What are we Doing?
The CCID advances evidence-based clinical and programmatic research in the field of human disability, with the goal of improving the health and function of persons with chronic illness such as cancer or arthritis, or disabling conditions such as stroke, spinal cord injury or cerebral palsy. CCID initiates research to better understand the causes, prevention, and amelioration of primary and secondary disabling conditions, as well as restoration of function and independent living. Our studies inform physicians and local, state, national and international policy makers on all aspects of rehabilitation and health for persons with long-term disabilities.
Our interdisciplinary faculty holds advanced degrees in rehabilitation medicine, health services research, social work, biostatistics, epidemiology, neuroscience and related fields.
Areas of Emphasis
Disability and Function
- Develop, test and disseminate instruments to evaluate function
- Develop, test and disseminate results of treatment trials designed to ameliorate or prevent disabilities and restore function
- Explore the scientific basis for understanding the relationships between chronic illness and disability
- Develop, test, disseminate techniques for tele-rehabilitation
Disability and Health
- Evaluate disability competent care coordination organizations (DCCOs)
- Study the role of exercise in preventing secondary disabilities
- Inform consumer choice
- Develop, test, disseminate population-based measures of quality of care
We Investigate Questions Such As:
- How can external review agencies measure the quality of care for people with disabilities?
- How can telemedicine be used to improve access to rehabilitation services?
- How can we train health plans and clinics to become "disability competent” providers?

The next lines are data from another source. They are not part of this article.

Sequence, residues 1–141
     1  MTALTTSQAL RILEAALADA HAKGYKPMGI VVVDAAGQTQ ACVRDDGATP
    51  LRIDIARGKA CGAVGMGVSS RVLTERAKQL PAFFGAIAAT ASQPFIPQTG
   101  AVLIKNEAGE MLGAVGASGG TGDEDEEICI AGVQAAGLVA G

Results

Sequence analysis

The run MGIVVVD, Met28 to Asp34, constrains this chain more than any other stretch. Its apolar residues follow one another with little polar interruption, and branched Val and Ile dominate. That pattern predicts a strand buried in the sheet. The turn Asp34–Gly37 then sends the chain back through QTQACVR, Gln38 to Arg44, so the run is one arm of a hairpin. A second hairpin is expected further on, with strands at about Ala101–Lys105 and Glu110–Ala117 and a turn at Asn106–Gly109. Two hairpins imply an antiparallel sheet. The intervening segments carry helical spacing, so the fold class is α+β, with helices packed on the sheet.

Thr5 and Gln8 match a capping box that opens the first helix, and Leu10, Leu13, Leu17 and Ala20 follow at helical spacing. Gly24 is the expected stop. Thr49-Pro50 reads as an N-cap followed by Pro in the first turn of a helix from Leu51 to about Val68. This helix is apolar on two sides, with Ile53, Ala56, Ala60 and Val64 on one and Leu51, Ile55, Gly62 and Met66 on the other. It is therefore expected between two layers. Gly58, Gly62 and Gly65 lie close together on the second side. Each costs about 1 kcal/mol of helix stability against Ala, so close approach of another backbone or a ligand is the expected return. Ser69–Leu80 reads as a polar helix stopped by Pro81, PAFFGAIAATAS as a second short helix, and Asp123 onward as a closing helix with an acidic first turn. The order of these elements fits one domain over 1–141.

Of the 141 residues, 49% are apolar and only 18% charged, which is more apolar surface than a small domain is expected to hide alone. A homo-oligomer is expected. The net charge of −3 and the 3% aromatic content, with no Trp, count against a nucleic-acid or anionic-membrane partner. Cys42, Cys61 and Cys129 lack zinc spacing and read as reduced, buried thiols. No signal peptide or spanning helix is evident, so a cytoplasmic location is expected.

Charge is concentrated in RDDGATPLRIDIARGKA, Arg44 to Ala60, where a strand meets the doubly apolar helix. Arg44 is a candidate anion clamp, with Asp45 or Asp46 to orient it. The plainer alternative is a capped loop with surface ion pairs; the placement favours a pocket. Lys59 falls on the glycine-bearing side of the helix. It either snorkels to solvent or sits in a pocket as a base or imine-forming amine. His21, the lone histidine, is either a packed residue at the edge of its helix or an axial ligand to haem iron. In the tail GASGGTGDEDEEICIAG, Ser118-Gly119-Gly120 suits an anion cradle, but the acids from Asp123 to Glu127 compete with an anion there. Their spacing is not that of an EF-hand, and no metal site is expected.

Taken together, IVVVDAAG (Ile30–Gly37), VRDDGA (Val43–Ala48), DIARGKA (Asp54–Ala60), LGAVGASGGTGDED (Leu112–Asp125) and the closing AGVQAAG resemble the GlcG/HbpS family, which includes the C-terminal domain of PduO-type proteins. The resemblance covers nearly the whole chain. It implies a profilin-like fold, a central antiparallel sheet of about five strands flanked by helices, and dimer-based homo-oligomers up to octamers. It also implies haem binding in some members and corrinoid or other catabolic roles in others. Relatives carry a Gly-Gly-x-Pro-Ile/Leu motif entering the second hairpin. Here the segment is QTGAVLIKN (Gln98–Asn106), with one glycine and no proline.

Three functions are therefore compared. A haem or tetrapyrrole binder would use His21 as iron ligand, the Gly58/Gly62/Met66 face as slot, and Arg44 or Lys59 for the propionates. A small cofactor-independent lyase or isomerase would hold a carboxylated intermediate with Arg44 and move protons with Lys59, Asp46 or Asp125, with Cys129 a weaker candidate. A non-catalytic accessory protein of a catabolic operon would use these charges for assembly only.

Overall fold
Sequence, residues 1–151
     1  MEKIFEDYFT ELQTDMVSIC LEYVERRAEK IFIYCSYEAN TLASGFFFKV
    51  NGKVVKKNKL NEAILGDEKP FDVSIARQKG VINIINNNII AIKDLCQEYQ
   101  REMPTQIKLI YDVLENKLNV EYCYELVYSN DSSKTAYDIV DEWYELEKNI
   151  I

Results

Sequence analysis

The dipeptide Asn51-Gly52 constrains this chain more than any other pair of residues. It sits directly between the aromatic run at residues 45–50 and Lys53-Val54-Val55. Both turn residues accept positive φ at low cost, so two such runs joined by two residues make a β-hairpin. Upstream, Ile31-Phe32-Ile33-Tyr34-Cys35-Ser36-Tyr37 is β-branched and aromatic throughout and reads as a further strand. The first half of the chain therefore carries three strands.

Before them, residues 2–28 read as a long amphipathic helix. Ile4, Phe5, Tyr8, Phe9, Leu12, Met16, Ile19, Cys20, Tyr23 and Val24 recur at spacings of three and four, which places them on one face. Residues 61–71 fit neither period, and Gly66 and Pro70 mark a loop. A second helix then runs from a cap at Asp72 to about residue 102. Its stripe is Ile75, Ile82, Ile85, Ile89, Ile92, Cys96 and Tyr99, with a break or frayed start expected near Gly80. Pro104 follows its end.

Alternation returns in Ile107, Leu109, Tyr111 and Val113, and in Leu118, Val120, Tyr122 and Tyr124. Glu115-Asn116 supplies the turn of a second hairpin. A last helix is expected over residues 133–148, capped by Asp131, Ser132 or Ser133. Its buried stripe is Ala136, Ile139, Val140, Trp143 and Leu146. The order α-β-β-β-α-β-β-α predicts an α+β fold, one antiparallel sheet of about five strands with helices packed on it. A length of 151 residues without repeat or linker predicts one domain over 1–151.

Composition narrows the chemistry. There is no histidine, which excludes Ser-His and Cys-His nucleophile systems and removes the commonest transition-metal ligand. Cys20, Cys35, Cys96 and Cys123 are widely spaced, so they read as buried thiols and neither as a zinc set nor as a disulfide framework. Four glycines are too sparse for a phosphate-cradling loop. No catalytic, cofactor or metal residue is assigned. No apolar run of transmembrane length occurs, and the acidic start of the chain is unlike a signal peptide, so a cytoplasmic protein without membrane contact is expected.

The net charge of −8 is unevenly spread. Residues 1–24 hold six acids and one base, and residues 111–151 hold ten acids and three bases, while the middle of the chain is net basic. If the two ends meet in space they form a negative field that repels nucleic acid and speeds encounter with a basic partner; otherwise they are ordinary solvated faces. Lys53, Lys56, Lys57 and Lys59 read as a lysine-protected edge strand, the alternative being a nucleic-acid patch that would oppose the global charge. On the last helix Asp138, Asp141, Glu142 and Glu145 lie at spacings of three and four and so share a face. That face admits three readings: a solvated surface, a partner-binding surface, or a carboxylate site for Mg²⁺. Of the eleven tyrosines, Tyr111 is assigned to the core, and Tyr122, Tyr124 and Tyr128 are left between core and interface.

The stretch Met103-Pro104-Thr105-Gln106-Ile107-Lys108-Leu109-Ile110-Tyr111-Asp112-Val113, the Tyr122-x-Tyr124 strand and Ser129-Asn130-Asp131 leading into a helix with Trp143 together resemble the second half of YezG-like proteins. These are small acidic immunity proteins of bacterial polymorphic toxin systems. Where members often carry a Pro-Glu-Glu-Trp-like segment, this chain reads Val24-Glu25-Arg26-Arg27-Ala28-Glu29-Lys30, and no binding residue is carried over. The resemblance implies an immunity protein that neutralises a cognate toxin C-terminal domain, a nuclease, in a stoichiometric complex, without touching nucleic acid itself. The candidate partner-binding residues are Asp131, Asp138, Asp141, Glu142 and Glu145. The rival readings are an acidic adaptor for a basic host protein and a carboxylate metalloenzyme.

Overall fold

- How can physiatrists and other physicians measure clinical improvements in physical function?
- What are the relationships between chronic illness and disability? Are persons with disability at risk for developing chronic illness?
- What are our best measurement tools to evaluate frequently seen symptoms associated with disability (e.g., fatigue) in order to determine how they impact function and well being?
The research activities are driven by CCID faculty. This program -driven research within the CCID requires collaborative research with basic and clinical scientists trans-GMU and extramurally. These research interests are aimed at elucidating the biology of disability and exploring its relationships with chronic illnesses. Examples include:
- Exploration of the possible molecular basis of disability pertinent to the neuromusculoskeletal system, and characterize genetic and physiological factors that might predict the likelihood of becoming disabled, and possibly severely disabled (eg. mitochondrial oxidative phosphorylation, amount of lean mass, anerobic thresholds, pain thresholds, et al) For example, explore what must occur to stimulate muscle hypertrophy in response to exercise, or conversely, atrophy in response to disuse? Determine why some individuals have minimal loss with disuse and some have little response to exercise designed to increase muscle mass?